It’s common to hear advice saying to write as small methods as possible, but, as I showed in this article, this advice doesn’t help much. Not all methods can be made small. And not all methods should be. Instead, pay attention to the two attributes I described above.

Related articles:





  • tora bravo

    I think you forgot ‘return’ keyword for each ‘if’ in the last code example

    • http://enterprisecraftsmanship.com/ Vladimir Khorikov

      Indeed. Fixed, thank you!

  • Joseph N. Musser II

    My Result<> class has implicit conversions from exceptions, so throw x becomes return x</code.

    • Sergio Rykov

      It leads to unclear code – you can easily mix up ‘throw new Ex()’ with implicit ‘new Ex()’. It doesn’t add any additional details. I think we will get much more details with implicit enum error specification: Result func() { if (condition) return TErrorReasonEnum.RenovationCostIsTooBig; }

      • Joseph N. Musser II

        Hmm. There’s no way you can mix up an implicit new Ex() with return new Ex() any more than you do with throw new Ex(). For one thing, no one uses implicit new. That’s a code smell. So it’s pretty simple- just swapping the throw keyword with the return keyword.

        For my uses the exception message is all the additional detauls I’ve needed so far, but I could easily add an enum property to the exception which is standard .NET practice in such scenarios. I’m pretty happy with the flexibility here.

    • http://enterprisecraftsmanship.com/ Vladimir Khorikov

      Strings are not enough for more or less complex situations, that’s for sure. Regarding the use of exceptions – I would personally be reluctant to do that. They bring quite a few technical details (such as exception stack) which are not relevant to the problem domain. I’d recommend introducing your own strongly typed hierarchy or errors. An enum could also be fine.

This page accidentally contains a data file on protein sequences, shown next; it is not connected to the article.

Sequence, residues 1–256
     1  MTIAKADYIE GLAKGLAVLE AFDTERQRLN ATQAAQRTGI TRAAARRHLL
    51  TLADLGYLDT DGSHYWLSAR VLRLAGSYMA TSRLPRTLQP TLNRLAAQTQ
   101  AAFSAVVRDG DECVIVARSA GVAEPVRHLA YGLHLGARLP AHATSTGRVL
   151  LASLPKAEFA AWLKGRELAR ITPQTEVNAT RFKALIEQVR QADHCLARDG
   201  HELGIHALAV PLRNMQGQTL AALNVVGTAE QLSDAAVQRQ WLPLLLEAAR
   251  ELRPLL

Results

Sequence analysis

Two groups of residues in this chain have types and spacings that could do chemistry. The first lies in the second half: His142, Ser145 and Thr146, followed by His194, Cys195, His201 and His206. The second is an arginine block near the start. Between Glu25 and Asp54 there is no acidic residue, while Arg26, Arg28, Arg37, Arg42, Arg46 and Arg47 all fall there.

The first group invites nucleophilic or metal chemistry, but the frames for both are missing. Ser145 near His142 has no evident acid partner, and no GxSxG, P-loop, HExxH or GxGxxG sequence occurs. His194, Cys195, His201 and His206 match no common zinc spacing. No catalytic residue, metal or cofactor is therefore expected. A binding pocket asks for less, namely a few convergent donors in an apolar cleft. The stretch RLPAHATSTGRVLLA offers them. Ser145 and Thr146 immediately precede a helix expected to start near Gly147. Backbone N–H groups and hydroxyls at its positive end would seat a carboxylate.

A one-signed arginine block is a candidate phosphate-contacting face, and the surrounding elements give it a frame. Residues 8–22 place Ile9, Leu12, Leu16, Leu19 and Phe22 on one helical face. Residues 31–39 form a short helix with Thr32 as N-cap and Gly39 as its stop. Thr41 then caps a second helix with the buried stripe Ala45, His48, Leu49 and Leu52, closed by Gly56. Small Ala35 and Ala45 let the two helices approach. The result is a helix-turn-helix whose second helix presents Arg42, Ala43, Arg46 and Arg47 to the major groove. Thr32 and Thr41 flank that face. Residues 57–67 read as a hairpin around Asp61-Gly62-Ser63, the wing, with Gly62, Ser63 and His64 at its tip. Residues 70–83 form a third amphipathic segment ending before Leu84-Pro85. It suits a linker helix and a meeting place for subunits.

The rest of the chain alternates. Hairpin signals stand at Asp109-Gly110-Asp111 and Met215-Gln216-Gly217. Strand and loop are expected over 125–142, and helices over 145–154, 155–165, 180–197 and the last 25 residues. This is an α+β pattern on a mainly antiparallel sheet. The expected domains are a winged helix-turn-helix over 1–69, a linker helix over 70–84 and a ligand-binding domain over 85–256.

• http://programmingideaswithjake.wordpress.com Jacob Zimmerman

    While I agree with you, I want to also point out that there is a company who has done a lot of metrics on these types of things and has noticed that maintainability (however they measure it) takes a steep dive when more than a few functions/methods get to be larger than 15 lines (no matter the language), so I still strive to stay within their specs. They’ve also got specs like that all the way up, such as the number of methods in a class/functions in a module, classes or modules in a package, etc.

    I wish I could find it quickly enough here so I could link it, but I can’t. Sorry.
    Again, I agree with your assessment, but I would try to marry the two as much as possible.

    • http://enterprisecraftsmanship.com/ Vladimir Khorikov

      I agree, there’s a strong correlation between code readability and average method size. And it’s a good rule of thumb to keep all methods short by default. But I would still say that it’s not the primary metric we should aim at improving. Method size usually goes down as a side effect of that anyway.

      • http://programmingideaswithjake.wordpress.com Jacob Zimmerman

        We’re pretty much agreed, then. The only problem is that “level of abstraction” is impossible to create an automated metric for, so while that is your primary metric, you can’t automate it, meaning that a good number is still needed to help flag for your metric in order to help find instances of failure.
        So it’s a good idea to have a number in mind anyway.

      • http://sidburn.github.io/ David Raab

        I completely agree with your article and what you say here. The problem is that it is hard to argue about cyclomatic complexity and different abstraction levels. On the other hand it is dead simple to identify functions that are too long, you just count the line numbers.

        I would say, counting line numbers and look at large functions can help finding problems, but the amount of line numbers, whether short or long, is not proof there is anything right or wrong.

  • Artur Karbone

    Nice stuff, @vladimirkhorikov:disqus !

    Agreeing with you, that being at the same level of abstraction is much more important than blindly following metrics.

    Btw. In RenovateApartment method refactoring we can go even further by introducing a validator as a separate concern making the method even more readable and shorter.

  • Jahongir Rahmonov

    Great read! Thanks